• Localized white balance and noise reduction adjustments
  • Emailing directly from within Lightroom

The entire list of features and updates can be found on the Adobe Lightroom blog.

Shortly after it was announced I downloaded the beta to give it a trial run, and I must say I’m quite impressed.  Here are a few highlights:

New Basic Panel

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The Basic panel in the develop module has been overhauled and simplified. The Recovery, Fill Light and Brightness sliders have been replaced with the Highlights, Shadows and Whites sliders. These new sliders operate in a similar fashion to the sliders they replace; the Highlights slider works similarly to the recovery slider and the Shadows slider works similarly to the Fill Light slider. The major difference is in how the new Whites slider and the existing Blacks slider operate. The Whites slider only adjusts the whitest part of the scene, and not the overall brightness as the Brightness slider did. The new Blacks slider works in the same way as before, just the opposite. In Lightroom 3 and earlier you’d increase the Black slider to adjust the black level of the scene, in Lightroom 4 increasing the slider decreases the black level of the scene.

After spending a little bit of time with the new basic panel I was able to give an old image of mine new life. I took an old JPG image of mine that I took in Yosemite back in 2008. The photo is from Mirror Lake and at the time I wasn’t able to get the photo to look how I remember seeing it, with the deep blue sky and nice, saturated colors. When I processed the photo originally in Lightroom 2 I had to compromise and ended up with this:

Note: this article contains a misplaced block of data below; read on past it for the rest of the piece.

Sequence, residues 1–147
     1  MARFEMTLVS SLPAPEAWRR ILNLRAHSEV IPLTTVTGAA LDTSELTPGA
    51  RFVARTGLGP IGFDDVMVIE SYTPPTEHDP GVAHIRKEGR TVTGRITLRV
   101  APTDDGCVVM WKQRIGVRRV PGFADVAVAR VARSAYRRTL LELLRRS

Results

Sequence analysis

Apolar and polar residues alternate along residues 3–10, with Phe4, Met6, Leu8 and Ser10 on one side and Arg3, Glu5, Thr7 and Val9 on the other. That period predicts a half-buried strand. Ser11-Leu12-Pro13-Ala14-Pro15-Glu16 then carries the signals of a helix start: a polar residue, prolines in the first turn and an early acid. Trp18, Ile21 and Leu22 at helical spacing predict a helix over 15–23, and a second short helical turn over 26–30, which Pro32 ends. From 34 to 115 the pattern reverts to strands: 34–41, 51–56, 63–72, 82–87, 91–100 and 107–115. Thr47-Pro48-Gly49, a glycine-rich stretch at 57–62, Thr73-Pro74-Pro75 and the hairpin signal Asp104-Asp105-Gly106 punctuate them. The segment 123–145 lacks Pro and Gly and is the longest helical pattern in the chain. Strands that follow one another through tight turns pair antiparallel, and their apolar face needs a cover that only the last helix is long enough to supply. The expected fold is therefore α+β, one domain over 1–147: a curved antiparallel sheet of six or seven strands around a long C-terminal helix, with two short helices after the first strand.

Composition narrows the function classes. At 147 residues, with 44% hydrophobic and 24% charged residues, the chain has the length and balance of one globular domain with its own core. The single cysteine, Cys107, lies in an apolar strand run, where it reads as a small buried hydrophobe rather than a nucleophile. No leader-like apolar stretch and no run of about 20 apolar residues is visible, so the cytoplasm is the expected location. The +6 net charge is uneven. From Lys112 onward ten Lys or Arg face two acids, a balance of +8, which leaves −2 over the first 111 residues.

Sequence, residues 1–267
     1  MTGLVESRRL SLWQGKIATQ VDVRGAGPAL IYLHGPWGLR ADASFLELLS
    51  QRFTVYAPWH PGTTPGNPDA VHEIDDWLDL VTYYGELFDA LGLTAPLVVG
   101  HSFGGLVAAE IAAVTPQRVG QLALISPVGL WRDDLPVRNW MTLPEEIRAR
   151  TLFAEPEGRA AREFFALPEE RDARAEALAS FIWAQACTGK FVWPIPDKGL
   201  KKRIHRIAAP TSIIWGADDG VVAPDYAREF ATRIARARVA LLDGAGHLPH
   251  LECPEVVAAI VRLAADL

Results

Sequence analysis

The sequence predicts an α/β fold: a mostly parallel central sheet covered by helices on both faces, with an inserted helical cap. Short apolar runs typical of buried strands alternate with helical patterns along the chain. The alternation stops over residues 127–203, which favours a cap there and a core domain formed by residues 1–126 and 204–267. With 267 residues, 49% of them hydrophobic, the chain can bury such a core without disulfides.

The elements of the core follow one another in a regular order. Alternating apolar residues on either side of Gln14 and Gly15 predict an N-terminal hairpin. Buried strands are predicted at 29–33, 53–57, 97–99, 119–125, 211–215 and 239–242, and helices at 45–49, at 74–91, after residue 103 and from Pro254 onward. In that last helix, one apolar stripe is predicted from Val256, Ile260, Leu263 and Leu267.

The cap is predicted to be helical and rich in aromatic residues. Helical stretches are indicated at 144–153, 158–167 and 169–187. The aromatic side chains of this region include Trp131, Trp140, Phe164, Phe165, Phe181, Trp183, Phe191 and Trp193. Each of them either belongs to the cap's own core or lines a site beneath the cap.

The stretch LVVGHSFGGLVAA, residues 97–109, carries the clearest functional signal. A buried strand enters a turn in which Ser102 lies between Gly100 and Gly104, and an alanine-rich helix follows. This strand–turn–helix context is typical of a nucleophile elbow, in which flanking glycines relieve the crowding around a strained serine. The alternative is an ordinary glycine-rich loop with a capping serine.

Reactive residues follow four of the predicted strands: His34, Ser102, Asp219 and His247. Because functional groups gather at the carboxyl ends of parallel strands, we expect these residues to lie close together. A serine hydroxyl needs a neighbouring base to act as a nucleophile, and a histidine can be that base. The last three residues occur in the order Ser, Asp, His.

After taking it and importing it into Lightroom 4, I was amazed at what I could do with the new Shadows, Highlights, Blacks and Whites sliders. After just a few minutes I was able to transform the image into what I beleive is a more accurate representation of what I saw that day:


New Lens Corrections Panel

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The Lens Corrections panel in Lightroom 4 has also gotten a minor facelift. Introduced in Lightroom 3, it totally negated the use of other tools, such as PTLens (my former lens correction tool of choice). Prior to Lightroom 4, the option to remove chromatic aberrations was only available if you chose to use the manual tools to correct lens distortion. The option to remove chromatic aberrations is now available on the profile, or automatic, tool for lens corrections.



New Map Module

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Every Lightroom release seems to include a feature that I was using a plugin for. Lightroom 3 saw automatic publishing to Flickr, which could have allowed me to stop using Jeffrey Friedl’s awesome Export to Flickr plugin (I still use it though, as I find it superior to Lightroom’s built in flickr publisher). Lightroom 4 also has the potential to wipe out another one of Jeffrey Friedl’s plugins I currently use, his “GPS-Support” Geoencoding plugin. Prelimiary research seems to indicate that new new Map module supports importing gpx files, which could allow for fast batch geotagging. I haven’t had a chance to test this yet, though as I don’t have any recent un-geotagged photos and a gpx file to test.

New Book Module

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Lightroom 4 also introduces a new Book module. This module lets you easily create and print books at Blurb (I imagine other publishers are in the works), or create books for print with publishers that can print from a PDF. You have the option to select several different page styles, including just a single photo, multiple photos or photos and text. So far I don’t see a page style for just text. The book module is a little cumbersome in it’s present state, but I expect it to get more refined as Lightroom 4 gets closer to being released.

Want to know/see more?  Check out the Lightroom YouTube channel for Lightroom 4 videos.

That about covers the new options and features that I’m looking foward to most. Have you had a chance to try Lightroom 4 beta yet? What are your thoughts?